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city of Babylon. Priests were executed, and the statue of Marduk was melted down. The members of the royal family still resided in the palaces of the city of Babylon, but Aramaic became more and more the language of the official administration. One source of information for this period are the clay-tablet archives of the commercial house of Murashu and Sons of Nippur for the years of 455–403, which tell much about the important role the Iranians played in the country. The state domains were largely in their hands. They controlled many minor feudal tenants, grouped into social classes according to ancestry and occupation. The business people were predominantly Babylonians and Aramaeans, but there were also Jews.

The documents become increasingly sparse after 400. The cultural life of Babylon became concentrated in a few central cities, particularly Babylon and Erech; Ur and Nippur were also important centres. The work of astronomers continued, as evidenced in records of observations. Nabu-rimanni, living and working around 500, and Kidinnu, fifth or fourth century BC, were known to the Greeks; both astronomers are famous for their methods of calculating the courses of the Moon and the planets. In the field of literature, religious poetic works as well as texts of omens and Sumero-Akkadian word lists were constantly copied, often with commentaries.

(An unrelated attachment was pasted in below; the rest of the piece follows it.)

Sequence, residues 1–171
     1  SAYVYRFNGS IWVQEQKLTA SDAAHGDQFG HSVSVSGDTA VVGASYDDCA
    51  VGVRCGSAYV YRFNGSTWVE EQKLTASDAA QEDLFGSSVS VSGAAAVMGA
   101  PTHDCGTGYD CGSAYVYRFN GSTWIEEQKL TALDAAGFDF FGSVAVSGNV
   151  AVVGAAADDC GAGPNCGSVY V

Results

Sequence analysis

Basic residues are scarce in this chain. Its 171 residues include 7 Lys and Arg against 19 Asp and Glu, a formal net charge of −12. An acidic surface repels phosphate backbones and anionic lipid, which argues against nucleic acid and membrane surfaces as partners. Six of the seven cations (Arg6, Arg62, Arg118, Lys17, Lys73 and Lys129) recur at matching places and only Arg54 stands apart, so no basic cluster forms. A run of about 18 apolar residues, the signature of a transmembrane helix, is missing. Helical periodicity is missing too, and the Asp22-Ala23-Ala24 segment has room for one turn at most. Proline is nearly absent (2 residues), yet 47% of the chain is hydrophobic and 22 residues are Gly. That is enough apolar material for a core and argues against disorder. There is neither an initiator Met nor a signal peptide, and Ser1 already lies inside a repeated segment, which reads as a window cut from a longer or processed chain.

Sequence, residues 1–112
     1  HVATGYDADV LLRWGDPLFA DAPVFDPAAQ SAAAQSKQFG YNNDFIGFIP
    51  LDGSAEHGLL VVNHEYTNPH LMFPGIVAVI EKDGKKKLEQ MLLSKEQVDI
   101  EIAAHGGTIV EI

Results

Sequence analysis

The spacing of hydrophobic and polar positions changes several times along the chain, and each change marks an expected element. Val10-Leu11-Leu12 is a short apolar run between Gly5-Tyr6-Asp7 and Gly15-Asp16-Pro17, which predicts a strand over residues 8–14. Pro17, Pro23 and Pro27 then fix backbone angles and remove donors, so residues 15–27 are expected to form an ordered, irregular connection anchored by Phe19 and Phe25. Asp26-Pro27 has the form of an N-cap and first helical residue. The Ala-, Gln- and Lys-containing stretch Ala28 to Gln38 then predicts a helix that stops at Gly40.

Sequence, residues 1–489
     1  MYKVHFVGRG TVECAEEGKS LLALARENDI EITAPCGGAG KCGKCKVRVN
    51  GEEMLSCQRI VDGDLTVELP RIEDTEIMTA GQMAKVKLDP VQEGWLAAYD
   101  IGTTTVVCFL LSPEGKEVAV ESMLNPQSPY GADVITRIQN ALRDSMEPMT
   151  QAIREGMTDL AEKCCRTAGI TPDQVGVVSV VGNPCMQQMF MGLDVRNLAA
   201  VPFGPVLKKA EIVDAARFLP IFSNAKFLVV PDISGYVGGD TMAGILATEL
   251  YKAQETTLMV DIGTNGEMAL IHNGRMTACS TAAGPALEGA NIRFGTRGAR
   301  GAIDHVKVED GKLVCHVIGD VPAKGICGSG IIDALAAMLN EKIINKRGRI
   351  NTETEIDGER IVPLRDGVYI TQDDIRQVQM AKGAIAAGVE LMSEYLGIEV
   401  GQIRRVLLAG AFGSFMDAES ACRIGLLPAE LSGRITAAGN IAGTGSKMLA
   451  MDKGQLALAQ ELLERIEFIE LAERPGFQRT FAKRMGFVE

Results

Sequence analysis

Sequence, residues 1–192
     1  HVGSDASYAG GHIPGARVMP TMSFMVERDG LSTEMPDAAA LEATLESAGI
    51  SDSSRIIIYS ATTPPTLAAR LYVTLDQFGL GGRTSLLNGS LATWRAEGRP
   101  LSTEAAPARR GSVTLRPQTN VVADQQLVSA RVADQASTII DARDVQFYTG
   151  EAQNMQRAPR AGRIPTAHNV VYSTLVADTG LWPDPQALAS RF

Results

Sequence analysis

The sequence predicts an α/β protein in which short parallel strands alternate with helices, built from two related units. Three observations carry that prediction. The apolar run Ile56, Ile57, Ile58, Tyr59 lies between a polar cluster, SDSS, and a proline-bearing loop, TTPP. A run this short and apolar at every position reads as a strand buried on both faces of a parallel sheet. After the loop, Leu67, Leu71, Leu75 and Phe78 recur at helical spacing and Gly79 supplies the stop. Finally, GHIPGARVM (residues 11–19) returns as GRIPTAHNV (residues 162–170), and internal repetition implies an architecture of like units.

CHAPTER 5 Mesopotamia From c. 320 BC to c. AD 620


he political history of Mesopotamia between about 320 BC and AD 620 is divided among three periods of foreign rule—the Seleucids to 141 BC, the Parthians to AD 224, and the Sāsānians until the Arab invasions of the seventh century AD. Sources are scarce, consisting mainly of a few notices in the works of classical authors such as Strabo, Pliny, Polybius, and Ptolemy, while the cuneiform sources are mainly incantations, accounts of religious rites, and copies of ancient religious texts.

THE SELEuCID PERIOD At the end of the Achaemenian Empire, Mesopotamia was partitioned into the satrapy of Babylonia in the south, while the northern part of Mesopotamia was joined with Syria in another satrapy. It is not known how long this division lasted, but, by the death of Alexander the Great in 323 BC, the north was removed from Syria and made a separate satrapy.

Seleucus In the wars between the successors of Alexander, Mesopotamia suffered much from the passage and the pillaging of armies. When Alexander’s empire was divided in 321 BC, one of his generals, Seleucus (later Seleucus I Nicator),

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A silver coin (tetradrachma) minted with the image of Seleucus I. At first displaced as satrap of Babylonia, Seleucus fought his way back to rule over a wide swath of Mesopotamia. British Museum, London, UK/ The Bridgeman Art Library/Getty Images